Physicians poorly adhered to guidelines on the diagnosis and management of nonalcoholic fatty liver disease (NAFLD) and nonalcoholic steatohepatitis (NASH) in a recent industry-funded study drawn from a variety of practice settings.
To identify trends in diagnosing and treating NASH, researchers conducted a cross-sectional observational study from a database of medical chart audits provided by U.S. physicians in 2016 (n=174) and 2017 (n=164). The database included more than 2,000 patients with NASH cared for by 170 physicians in multiple specialties who each treated more than 20 patients with NASH per month. Novo Nordisk Inc. funded the study, which was coauthored by three employees of the company. Results were published May 19 by BMC Gastroenterology.
Of 2,366 patients, 68% had stage F0 to F2 fibrosis, 21% had bridging fibrosis (F3), and 9% had cirrhosis (F4). Common comorbidities were type 2 diabetes (56%), hyperlipidemia (44%), hypertension (46%), and obesity (42%). Patients with more advanced fibrosis scores (F3-F4) were more likely to have these diseases than patients with less severe disease (F0-F2).
Diagnostic tests for NASH included ultrasound (80%), liver biopsy (78%), aspartate aminotransferase/alanine aminotransferase ratio (43%), NAFLD fibrosis score (25%), transient elastography (23%), NAFLD liver fat score (22%), and Fatty Liver Index (19%). Patients with NASH were prescribed vitamin E (53%), statins (51%), metformin (47%), angiotensin-converting enzyme inhibitors (28%), and beta-blockers (22%). Physicians commonly prescribed medications for reasons other than their known effects, the authors noted.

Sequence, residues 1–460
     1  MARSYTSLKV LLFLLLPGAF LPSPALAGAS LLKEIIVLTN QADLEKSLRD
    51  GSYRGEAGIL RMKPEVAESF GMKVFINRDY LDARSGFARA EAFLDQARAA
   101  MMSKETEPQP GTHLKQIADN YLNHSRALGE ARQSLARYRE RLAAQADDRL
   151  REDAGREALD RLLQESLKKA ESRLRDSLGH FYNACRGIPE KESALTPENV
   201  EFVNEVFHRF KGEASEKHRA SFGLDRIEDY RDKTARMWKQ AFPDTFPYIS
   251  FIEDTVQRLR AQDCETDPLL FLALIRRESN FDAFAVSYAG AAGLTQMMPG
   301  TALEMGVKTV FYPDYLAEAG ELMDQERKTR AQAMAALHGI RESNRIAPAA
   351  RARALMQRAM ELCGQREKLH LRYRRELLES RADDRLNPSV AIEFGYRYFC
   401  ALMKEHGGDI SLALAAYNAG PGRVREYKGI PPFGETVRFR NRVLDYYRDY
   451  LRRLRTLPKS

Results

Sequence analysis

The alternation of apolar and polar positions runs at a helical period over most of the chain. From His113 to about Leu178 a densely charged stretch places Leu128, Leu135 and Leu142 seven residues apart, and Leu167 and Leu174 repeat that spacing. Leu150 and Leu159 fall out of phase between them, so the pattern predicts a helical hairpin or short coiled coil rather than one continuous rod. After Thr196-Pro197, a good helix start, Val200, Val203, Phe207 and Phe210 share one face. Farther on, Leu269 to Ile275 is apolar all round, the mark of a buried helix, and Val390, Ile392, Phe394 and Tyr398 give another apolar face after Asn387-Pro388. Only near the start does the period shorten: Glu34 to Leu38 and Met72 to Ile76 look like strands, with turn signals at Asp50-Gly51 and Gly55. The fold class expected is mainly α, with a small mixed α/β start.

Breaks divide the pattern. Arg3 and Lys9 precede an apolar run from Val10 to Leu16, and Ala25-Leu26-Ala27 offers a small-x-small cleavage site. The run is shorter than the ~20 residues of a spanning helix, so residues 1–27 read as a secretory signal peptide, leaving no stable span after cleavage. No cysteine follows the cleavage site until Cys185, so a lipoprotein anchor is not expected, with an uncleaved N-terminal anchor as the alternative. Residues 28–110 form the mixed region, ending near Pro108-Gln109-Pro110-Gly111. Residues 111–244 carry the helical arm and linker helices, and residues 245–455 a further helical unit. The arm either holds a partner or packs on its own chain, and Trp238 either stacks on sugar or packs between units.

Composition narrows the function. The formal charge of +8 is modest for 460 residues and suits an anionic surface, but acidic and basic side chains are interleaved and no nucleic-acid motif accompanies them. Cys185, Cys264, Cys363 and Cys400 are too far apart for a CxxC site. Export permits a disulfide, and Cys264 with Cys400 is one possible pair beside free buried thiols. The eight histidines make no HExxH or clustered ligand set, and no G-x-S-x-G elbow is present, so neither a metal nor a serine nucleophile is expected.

The researchers noted that more than 70% of patients received a liver biopsy, a higher proportion than reported in other real-world settings, and noted that the physicians in this study might be more comfortable using biopsy. That hepatologists and gastroenterologists performed fewer biopsies in patients with cirrhosis (F4 fibrosis) than in patients with F0-F3 fibrosis may reflect more experience in interpreting noninvasive tests, such as imaging, the researchers said.
The drug therapies prescribed were “particularly striking,” the authors wrote, since there are no FDA-approved treatments for NASH and that there is limited evidence on appropriate treatments for patients with varying degrees of NASH severity or liver fibrosis. Management of NASH relies on general lifestyle improvements and treatment of comorbidities, the authors noted. Of the most commonly prescribed treatments—vitamin E, statins, and metformin—only vitamin E has been shown to have any histological efficacy in randomized clinical trials.
“Interestingly, the primary reason physicians in this study said they prescribed [glucagon-like peptide-1 receptor agonists], [sodium-glucose cotransporter-2] inhibitors, and pioglitazone was to assist with weight loss; improvement or reversal of steatosis was the second most common reason. Weight loss may be perceived to be a cornerstone of NASH management,” the authors wrote.